Legend of Mana is a cute game with racist rabbits

1999 PlayStation game Legend of Where, recently remade for the Nintendo Switch, PlayStation 4, and Windows PC, is a bit of an acquired flavor. This is an aggressive weird fantasy game that is also half a dozen other games in one, and it’s not that great in whatever it is tried. Yet I have nothing but a fondness for this strange little experiment, as it has been very interesting all along. Except about Niccolo, the rabbit salesman. He’s shit.

Niccolo is one of the first characters you can meet Legend of Mana. He is a salesperson with a keen interest in making all his customers smile thanks to the value he brings to their lives. There is nothing true about this. He’s a cunning bastard, and he’s also racist towards the Sproutlings, the little cabbage -loving brooches that also inhabit the world. (There are humans in Legend of Mana, but also storybook creatures that resemble anthropomorphic flora and fauna.) I knew he was racist because, not long after meeting him, he told me.

“I hate plants,” he told me. So blunt that I laughed out loud. Then I talked to him again. “They’re trash from the Earth,” he repeated.

“Holy excrement, “I swear on my TV. What a little skewer!

A description of Niccolo, the rabbit trader in Legend of Mana

Image: Square Enix

Impressed by this brazen bigotry, I decided to help him get the job done (beating some bandits) because I was just … really curious where Legend of Mana will go with this friend. (This is the first time I’ve played this game for over a few hours, based on the HD remover.)

It turned out that Niccolo’s expression of prejudice was very blatant in line with the others Legend of Mana; this is not a very nuanced game or written with art. Doing a quest with Niccolo is a shameless vortex tour of deception. For example, he will ask you to stop until he can offer to sell the wheel to someone for 50 thousand, and when they say they can’t afford it, the rabbit will give it to you for free, just to make them feel bad because it will not get a low price.

As you read this, please remind yourself what Legend of Mana looks like. It looks like a storybook. Maybe Little Prince. And here’s Niccolo, this noble little girl, plotting his hateful path through this cheerful world full of sweet creatures who seem to barely register their food.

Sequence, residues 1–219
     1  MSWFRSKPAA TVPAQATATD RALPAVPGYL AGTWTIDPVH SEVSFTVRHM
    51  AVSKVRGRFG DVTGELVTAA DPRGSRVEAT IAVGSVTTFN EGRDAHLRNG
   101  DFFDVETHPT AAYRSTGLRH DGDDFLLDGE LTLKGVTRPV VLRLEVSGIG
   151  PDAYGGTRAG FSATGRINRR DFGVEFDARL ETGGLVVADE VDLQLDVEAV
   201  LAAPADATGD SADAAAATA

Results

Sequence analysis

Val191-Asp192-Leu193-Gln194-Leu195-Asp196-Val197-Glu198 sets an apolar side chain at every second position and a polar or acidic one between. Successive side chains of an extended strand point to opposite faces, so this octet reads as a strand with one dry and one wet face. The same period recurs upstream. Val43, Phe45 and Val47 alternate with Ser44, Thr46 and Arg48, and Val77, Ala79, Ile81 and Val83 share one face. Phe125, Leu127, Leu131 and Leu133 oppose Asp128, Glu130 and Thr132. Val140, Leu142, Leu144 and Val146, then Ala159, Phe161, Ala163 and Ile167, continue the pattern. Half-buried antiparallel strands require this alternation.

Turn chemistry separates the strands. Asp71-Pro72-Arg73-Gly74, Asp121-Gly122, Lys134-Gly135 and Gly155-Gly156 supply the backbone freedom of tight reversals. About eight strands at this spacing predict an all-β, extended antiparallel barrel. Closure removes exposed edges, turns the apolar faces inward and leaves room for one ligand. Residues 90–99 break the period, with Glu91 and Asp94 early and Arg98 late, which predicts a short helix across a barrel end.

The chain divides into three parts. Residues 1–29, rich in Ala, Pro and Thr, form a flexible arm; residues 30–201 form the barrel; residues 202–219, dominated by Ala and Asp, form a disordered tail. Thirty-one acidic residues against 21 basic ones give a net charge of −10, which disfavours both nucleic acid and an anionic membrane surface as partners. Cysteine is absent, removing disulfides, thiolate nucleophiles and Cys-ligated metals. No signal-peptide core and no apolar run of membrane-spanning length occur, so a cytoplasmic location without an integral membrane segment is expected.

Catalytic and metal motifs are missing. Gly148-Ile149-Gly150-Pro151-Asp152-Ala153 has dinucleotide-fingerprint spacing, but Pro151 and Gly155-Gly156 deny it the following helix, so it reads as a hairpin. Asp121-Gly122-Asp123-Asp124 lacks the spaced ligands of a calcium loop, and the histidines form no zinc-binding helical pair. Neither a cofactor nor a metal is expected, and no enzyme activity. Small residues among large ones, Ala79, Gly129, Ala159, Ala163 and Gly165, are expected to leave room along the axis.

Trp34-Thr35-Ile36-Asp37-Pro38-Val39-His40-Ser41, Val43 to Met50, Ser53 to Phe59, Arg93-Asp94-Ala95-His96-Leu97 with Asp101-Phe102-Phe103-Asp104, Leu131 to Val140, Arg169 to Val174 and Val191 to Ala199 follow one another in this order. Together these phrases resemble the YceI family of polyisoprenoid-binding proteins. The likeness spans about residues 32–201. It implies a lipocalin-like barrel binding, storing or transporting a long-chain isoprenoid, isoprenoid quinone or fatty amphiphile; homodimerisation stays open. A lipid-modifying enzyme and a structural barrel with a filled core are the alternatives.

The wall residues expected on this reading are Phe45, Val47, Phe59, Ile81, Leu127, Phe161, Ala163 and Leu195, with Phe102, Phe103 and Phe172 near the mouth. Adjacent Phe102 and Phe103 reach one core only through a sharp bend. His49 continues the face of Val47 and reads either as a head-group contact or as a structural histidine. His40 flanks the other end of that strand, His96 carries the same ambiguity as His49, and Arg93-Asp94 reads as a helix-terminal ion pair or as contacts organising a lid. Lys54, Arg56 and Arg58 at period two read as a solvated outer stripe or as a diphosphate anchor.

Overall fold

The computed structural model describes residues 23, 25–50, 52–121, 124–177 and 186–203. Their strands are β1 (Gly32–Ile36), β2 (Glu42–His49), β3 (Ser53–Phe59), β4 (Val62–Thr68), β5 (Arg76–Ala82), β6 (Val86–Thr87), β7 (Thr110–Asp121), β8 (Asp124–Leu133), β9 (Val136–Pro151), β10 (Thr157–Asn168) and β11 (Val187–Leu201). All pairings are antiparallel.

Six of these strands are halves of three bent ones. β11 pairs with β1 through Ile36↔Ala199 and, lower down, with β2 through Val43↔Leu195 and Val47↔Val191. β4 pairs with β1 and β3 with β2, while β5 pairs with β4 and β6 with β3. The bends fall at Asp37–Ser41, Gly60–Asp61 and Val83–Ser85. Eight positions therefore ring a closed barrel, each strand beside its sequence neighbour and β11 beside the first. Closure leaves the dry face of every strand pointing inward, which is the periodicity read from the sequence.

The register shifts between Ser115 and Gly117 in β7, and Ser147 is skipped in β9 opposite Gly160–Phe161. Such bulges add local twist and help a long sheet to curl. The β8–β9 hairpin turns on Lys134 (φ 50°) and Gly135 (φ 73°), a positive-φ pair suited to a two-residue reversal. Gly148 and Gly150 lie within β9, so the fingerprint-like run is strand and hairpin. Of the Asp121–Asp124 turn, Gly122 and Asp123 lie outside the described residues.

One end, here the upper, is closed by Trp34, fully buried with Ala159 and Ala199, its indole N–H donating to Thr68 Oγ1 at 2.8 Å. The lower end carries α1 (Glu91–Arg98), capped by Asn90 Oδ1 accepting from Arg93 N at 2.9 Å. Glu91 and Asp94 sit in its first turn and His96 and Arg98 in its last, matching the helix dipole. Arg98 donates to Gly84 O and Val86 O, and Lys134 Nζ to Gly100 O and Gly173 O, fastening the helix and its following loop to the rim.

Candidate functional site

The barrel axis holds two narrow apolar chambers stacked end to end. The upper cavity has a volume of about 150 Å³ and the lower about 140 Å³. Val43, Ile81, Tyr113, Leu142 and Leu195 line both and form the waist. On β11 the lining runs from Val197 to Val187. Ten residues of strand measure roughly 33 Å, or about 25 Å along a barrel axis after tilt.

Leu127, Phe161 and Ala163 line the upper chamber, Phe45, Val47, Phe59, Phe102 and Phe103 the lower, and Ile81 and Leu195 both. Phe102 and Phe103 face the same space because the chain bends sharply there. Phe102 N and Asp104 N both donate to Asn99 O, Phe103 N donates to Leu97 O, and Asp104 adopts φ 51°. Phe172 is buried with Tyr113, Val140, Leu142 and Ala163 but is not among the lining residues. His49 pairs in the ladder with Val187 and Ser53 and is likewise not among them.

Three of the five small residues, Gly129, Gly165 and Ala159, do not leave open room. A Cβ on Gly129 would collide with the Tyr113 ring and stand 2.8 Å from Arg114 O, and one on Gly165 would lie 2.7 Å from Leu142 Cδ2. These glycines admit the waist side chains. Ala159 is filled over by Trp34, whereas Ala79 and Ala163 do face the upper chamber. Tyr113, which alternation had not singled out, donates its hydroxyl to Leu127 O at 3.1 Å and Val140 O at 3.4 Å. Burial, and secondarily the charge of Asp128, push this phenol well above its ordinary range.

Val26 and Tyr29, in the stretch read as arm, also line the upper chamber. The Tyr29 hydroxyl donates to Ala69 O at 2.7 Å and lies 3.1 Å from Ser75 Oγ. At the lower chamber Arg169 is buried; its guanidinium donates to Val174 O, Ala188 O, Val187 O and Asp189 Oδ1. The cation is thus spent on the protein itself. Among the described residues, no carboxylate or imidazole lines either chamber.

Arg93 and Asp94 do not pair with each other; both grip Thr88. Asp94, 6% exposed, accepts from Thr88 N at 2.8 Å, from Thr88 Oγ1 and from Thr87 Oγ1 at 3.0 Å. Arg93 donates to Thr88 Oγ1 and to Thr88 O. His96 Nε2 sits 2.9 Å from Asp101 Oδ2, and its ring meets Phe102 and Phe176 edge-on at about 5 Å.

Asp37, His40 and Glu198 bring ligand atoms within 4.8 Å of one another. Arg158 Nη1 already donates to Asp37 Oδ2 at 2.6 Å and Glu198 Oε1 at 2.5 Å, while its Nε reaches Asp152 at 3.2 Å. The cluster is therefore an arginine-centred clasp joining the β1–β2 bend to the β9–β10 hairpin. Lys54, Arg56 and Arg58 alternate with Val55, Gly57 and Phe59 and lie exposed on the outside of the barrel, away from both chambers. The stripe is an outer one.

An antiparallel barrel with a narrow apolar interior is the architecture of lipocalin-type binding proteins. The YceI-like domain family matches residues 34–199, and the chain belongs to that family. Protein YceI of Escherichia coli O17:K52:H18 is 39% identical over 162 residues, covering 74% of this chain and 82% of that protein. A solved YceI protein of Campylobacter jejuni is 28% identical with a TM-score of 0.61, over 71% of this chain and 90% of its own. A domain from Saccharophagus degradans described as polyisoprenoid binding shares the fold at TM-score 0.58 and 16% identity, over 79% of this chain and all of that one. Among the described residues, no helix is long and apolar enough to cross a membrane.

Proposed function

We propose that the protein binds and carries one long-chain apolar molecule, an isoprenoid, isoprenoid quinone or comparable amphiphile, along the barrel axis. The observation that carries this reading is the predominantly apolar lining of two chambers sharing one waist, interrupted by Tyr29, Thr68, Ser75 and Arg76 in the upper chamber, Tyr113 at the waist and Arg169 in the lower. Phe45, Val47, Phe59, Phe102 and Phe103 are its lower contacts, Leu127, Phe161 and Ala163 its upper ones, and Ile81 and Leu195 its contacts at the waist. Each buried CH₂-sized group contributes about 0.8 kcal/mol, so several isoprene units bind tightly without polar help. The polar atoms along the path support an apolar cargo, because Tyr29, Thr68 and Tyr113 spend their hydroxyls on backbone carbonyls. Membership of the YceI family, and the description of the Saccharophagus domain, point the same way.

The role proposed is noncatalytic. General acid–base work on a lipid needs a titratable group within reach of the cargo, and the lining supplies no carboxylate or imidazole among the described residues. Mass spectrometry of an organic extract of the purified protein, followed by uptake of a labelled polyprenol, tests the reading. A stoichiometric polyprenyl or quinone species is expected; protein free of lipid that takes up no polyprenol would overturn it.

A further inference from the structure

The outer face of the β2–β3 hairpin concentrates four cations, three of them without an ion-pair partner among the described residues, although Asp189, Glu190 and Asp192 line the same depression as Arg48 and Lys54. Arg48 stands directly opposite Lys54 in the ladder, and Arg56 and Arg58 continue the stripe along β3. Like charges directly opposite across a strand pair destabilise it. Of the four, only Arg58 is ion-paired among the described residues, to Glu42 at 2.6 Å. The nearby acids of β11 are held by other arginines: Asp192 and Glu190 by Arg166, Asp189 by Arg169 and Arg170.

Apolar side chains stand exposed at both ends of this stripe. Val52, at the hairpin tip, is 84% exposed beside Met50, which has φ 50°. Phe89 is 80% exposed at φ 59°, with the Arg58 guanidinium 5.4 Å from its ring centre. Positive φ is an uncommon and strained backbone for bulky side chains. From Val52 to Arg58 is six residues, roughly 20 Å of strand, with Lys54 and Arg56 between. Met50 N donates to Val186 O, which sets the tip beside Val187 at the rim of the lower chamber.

I’d love to see another Niccolo story, but it’s hard to follow. Legend of Mana feels like playing a board game at the same time as building it; you build a fantasy world map one location at a time, visiting each location once you find an artifact that adds it to your map. Due to this free form structure, there is no overarching story Legend of Mana, only a large number of short collections, some of which combine various installments in a less obvious way. Players just have to keep building their map and revisit old places to see where characters appear or run away. Some helpful stories and add new characters to accompany you; others are hardly worthy of being stories. There is a possibility of stumbling at the end of a story without seeing the beginning. You can also find a dead end, with the entire search line cut off from you. This is a messy game!

A quick online search told me that Niccolo’s story continues in the game, but I don’t know when or how to proceed. In the meantime, I might be distracted by other diversions, like raising my little baby monster (things you can do in this game). Maybe Niccolo did reform and found out that plants are people too and that greed is bad, which would be the end of the storybook. Or maybe he didn’t learn anything. That would be a storybook ending as well, because storybooks often involve good people learning to deal with just ordinary people.

Legend of Mana ‘ideals far exceed its elegance; it’s a video game that forever looks minutes away from collapsing, but is also very worth thinking about. What excites Niccolo is not his evil bigotry or exploitation, but the way the game world bends or doesn’t bend his presence, making it seem more complicated, a little more intimidating. Legend of Mana resembles a board game with all its pieces scattered on the floor, that’s true – but it’s also a board game that succeeds in convincing players that all its parts are important. In other words, I’m amazed that this 22 -year -old video game has crossed time and space to present me with the cute bunny bunny I so desperately want in my face.

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